Monday, December 10, 2012

Holiday movies with holiday song titles

Continuing the theme of holiday songs and their power, this week I thought I would write about one specific way these songs impact society: the movie industry. 

Often, people try and capitalize on the power of popular songs, even if the meanings those people want conveyed are completely different than the song's original meaning. The classic example is politicians using Bruce Springsteen's "Born in the USA" for their own promotion, even when the song is really an ironic and negative commentary about the negative effects of the Vietnam War.

Hollywood tries to capitalize on Christmas songs by stealing their well-known lyrics for holiday movies (mostly bad). What better way to label a shameless marketing ploy? For example:

This year, we've got an addition to this list, this time in the Christmas Horror genre: Silent Night. (Note: it's supposedly a loose remake of Silent Night, Deadly Night (1984)). Aren't you excited? No?

In that light, I've got some suggestions for bad holiday movies with titles drawn from holiday songs:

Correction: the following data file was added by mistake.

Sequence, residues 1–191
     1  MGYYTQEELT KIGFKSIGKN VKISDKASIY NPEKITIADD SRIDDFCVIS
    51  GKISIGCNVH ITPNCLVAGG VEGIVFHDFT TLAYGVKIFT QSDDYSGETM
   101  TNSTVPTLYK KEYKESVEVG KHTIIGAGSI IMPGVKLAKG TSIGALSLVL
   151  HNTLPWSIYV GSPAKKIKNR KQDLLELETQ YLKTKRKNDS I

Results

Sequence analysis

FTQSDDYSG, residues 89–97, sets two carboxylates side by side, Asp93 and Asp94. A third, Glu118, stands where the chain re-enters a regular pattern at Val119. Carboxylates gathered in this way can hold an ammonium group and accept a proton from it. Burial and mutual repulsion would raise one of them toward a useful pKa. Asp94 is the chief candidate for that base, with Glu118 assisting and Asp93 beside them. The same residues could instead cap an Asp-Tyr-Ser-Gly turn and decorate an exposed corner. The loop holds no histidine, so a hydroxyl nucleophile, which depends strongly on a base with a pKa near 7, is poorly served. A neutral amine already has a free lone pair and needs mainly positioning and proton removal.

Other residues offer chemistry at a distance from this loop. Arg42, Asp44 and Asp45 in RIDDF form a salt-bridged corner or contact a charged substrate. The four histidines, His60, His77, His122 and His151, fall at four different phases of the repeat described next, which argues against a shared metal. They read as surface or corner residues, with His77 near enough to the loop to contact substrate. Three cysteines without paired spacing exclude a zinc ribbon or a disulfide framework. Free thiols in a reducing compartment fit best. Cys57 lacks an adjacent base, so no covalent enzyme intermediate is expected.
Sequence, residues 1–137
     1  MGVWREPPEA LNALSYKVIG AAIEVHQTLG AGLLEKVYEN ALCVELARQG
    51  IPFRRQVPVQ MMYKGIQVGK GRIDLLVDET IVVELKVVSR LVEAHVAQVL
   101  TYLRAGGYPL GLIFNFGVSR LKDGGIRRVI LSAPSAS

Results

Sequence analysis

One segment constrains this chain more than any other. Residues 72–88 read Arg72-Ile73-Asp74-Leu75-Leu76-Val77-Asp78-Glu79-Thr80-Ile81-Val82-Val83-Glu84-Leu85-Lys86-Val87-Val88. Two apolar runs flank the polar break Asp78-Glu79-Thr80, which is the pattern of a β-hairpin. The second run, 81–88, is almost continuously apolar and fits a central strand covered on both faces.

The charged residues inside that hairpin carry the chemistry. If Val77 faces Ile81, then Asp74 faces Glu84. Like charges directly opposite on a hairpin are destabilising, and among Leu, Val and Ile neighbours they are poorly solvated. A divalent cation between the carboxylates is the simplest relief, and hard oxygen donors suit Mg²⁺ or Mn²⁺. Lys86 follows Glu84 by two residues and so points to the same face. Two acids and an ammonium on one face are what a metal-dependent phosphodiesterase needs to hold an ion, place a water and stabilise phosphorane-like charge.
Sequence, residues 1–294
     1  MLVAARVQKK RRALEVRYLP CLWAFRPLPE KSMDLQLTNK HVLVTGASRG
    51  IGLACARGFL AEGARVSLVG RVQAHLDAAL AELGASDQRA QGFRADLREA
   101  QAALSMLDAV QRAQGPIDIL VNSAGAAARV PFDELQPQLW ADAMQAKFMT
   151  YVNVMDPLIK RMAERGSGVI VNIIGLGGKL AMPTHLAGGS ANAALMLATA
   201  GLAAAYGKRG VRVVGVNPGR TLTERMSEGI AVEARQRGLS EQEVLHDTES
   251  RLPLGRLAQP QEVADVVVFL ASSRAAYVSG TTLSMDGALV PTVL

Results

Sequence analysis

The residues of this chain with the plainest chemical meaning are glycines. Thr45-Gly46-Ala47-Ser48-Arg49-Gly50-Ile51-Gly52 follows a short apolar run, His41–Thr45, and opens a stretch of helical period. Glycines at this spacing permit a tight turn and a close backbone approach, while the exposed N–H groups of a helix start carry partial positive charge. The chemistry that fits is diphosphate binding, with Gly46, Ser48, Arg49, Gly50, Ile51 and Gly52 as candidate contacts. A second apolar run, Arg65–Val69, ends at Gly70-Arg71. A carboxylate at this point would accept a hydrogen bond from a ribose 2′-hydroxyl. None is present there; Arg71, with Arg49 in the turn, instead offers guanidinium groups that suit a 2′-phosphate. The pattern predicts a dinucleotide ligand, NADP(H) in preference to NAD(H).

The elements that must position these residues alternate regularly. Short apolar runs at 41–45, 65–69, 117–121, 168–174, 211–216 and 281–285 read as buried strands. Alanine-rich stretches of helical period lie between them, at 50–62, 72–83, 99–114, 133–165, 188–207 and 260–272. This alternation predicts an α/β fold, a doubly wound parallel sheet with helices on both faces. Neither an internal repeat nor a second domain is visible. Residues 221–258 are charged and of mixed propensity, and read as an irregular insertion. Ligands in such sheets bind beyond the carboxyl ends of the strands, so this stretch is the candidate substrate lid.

• "A hippo hero standing there" (The Teenage Mutant Ninja Turtle special.)
  • "The other kiddies" (A story about those evil bullies down the street who ruin the Christmas spirit for everyone.)
  • "Io, io, io" (Christmas for aliens on Jupiter's highly volcanic moon? What does this mean, anyway? For that matter, what does any of "Ding Dong, Merrily" mean?)
  • "Don we now our gay apparel" (The What Not to Wear Christmas special.)
  • "Sing a [slaying] song" (in the Horror Christmas genre)
  • "Hurry down the chimney" (Do you think this was a possible title for the Santa Clause 2?)
  • "Gone away is the blue bird" (The Rachel Carson Christmas story. )
  • "If the Fates allow" (The fantasy Christmas special. It is this line's Destiny.)
  • "Everybody knows a turkey" (Don't you?)
  • "He sees you when you're sleeping" (What they should have called this year's Silent Night.)
What is the take-away from this? Well, music can give words extra power and meaning by association, but that extra power and meaning may not always be constant. In other words, added music makes makes words perhaps more multivalent (or open to many interpretations) than words alone. Especially when those words are taken out of context.

Vocab: multivalent

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